SAND SPRINGS, Okla. — Over the last century Oklahomans formed more than a dozen all black towns. This includes 13 original communities and six new ones. Some, like Red Bird, shaped the culture of rights such as voting.
"The black people would show up to vote and then they wouldn't be able to vote and here it was their town. So they finally just closed the polls and then they challenged the government of Oklahoma," said Ginger Murphy with the Sand Springs Historical and Cultural Museum.
These towns are on display at the museum for Black History Month. Murphy said after growing up in the 1950s, it's important to remember this part of Oklahoma's past.
"I remember seeing a black water fountain and a white water fountain. There's just no place for that. I just hope we can keep getting better and better and better as a people and that we can come together more and more all the time," she said.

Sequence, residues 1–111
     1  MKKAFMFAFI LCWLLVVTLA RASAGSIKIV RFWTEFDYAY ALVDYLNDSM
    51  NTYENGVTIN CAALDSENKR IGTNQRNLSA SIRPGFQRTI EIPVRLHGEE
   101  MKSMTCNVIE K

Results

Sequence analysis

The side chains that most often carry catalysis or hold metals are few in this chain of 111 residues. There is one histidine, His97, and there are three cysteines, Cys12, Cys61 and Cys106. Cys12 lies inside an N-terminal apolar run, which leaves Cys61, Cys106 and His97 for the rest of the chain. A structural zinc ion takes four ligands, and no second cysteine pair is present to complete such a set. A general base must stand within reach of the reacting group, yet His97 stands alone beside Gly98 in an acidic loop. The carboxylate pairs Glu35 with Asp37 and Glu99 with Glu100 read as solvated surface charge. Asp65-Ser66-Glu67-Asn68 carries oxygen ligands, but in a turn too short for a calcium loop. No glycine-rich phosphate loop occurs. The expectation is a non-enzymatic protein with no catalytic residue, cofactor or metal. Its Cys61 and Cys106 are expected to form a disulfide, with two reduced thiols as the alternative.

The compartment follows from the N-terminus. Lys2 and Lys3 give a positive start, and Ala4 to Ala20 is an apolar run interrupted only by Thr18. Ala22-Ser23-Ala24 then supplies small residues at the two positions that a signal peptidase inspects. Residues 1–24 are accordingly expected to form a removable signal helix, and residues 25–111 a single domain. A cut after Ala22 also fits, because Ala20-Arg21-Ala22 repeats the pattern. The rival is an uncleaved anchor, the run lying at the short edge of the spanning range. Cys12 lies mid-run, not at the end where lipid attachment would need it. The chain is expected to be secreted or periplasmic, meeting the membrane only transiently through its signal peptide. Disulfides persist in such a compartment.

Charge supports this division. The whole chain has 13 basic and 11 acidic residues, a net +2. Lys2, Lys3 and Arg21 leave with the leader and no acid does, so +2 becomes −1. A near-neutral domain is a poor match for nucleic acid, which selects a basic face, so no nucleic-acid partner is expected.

For many of the all black towns, the only thing that remains are memories. But one lawmaker is looking to preserve the history so these communities aren't forgotten.
"Those small towns... when they wither up and die that hurts the whole state. That's revenue that we don't have, that's tax money that we don't have and if we can create opportunities for entrepreneurship, greater businesses and better communities, then we all benefit," Senator Kevin Matthews said.
Some, such as Brooksville, still exist today. This session Matthews is asking for public dollars from the state's tourism fund to build communities like this back up.
Stay in touch with us anytime, anywhere.
Sign up for newsletters emailed to your inbox. Select from these options: Breaking News, Severe Weather, School Closings, Daily Headlines and Daily Forecasts.